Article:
Maybe a stupid idea - load Nextcloud JS from CDN?

I’ve had a few thoughts about the future of Nextcloud. In the meantime, the Javascript files are no longer quite so large and with the help of caching and gzip, the download is actually quite fast.

I have now thought about whether it wouldn’t be a nice feature if you could point to a CDN within your Nextcloud, e.g. in config.php (also CDN self-hosted), where large parts of the client-side files are hosted. Of course, you would have to ensure that the files are always up to date (correct Nextcloud version, correct version for apps). But I do think that this might be a nice feature to minimize the download of your own Nextcloud or to set up Nextcloud instances that have fewer files of their own, such as apps.

Examples: The app Nextcloud Text uses 61 MB of Javascript, map, … The app Nextcloud Photos uses 40 MB of Javascript, map, …

Is this an interesting idea or is it just nonsense? Or are there already corresponding approaches?

Perhaps it would help if you run your Nextcloud on a server with extremely low bandwidth. But who runs a server with extremely low bandwidth for a file sharing application?

You expose your users to third party provider, who is using Nextcloud. They could potentially add unwanted stuff to your code, in case you handle sensitive data.

The whole setup increases in complexity, if the link with the CDN is not working, the files are not updated, … just more points of failure.

And in the end, most of the files are cached anyway.

I’m not sure about the potential to have smaller js code… If possible, I’d prefer that.

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Thank you for your resonse.

There is e.g. the a php file manager in one file because all e.g. jQuery JavaScript is load from CDN. And yes there are advantages and disadvantages.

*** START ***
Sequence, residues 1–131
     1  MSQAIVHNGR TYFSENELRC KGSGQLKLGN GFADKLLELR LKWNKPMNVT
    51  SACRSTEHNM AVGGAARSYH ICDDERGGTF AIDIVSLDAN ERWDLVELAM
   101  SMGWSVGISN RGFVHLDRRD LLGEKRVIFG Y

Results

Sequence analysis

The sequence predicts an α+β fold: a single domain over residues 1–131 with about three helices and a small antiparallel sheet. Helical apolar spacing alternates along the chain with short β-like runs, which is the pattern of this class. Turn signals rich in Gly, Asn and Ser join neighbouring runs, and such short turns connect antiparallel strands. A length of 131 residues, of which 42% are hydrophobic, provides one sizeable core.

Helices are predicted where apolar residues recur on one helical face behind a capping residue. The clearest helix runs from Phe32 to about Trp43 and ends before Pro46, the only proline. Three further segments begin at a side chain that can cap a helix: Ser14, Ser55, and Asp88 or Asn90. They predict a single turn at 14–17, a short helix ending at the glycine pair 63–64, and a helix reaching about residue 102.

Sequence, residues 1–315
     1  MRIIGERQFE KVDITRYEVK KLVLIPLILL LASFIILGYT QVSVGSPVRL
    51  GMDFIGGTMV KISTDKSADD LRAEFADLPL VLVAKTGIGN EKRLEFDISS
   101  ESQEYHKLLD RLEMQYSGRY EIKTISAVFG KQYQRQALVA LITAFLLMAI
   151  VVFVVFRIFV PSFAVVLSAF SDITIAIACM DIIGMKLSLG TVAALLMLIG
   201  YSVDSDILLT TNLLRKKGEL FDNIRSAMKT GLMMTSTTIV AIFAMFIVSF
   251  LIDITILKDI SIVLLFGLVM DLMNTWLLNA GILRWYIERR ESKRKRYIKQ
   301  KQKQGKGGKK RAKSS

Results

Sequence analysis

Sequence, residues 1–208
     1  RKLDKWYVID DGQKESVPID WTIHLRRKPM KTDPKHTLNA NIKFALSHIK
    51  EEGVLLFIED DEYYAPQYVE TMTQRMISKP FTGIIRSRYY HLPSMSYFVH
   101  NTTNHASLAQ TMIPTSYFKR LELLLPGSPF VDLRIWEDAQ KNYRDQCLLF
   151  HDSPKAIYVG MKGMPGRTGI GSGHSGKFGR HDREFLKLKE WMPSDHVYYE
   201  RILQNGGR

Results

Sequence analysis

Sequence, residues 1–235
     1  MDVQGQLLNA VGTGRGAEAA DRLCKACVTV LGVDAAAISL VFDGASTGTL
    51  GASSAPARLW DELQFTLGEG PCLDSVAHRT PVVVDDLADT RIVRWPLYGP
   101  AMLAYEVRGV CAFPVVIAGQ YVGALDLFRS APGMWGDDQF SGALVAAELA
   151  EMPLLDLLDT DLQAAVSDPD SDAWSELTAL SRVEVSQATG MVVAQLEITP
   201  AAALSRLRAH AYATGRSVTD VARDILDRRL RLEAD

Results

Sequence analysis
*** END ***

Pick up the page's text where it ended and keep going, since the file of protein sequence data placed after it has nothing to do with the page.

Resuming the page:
It is only an idea for discussion.

Hello, let me throw in my 50 ct.

I see different approaches with different aims here:

External CDN as source of auxiliary files
The idea is to upload the compressed js files of the various apps on a public hosted Server. This would allow to link the apps with these public servers and reduce the load on the actual NC server.

Pro: less files to load and cages can be used efficiently.
Contra: public servers might alter the files and tracking of private NC users might be possible.

Using of a CDN to deliver content as proxy
The idea is to use services like cloudflare to proxy the actual requests. That way, they provide something like a caching proxy service. The initialization is loaded from the original NC server over time.

Pro: faster access to static resources and few versioning issues
Contra: complicated to setup, dynamic content is not affected, NC apps need to provide correct caching information

using a private reverse caving proxy
The point by @ tflidd that there should be no low power NC instances or there, I want at least to question. At least in Germany it is rather hard to get fast upload rates with reasonable costs for private persons for residential Internet connections. However, there are quite some private users or there that use their NAS or similar to make different features available because they keep full control of the data (not trusting e.g. a hosting provider). Other reasons are that the cloud mainly provides e.g. groupware (rather small files to transmit) for global access while the files are served for internal use mainly. Different people, different reasons.

The main point: the network connection might be a bottleneck. Having a way to speed up the time until the NC main page is loaded (static files, not the XHR/Ajax based loading of the actual data) might enhance the user experience. One could think of a way to outsource these static files to a self controlled reverse proxy. That might reduce the impact of the bottleneck. This is more a question of documentation, maybe some templates, and eventually support by the apps (cache setting must be correct).

Pro: can be handled according to own need, no data is possibly leaked
Contra: specific use case, needs more configuration

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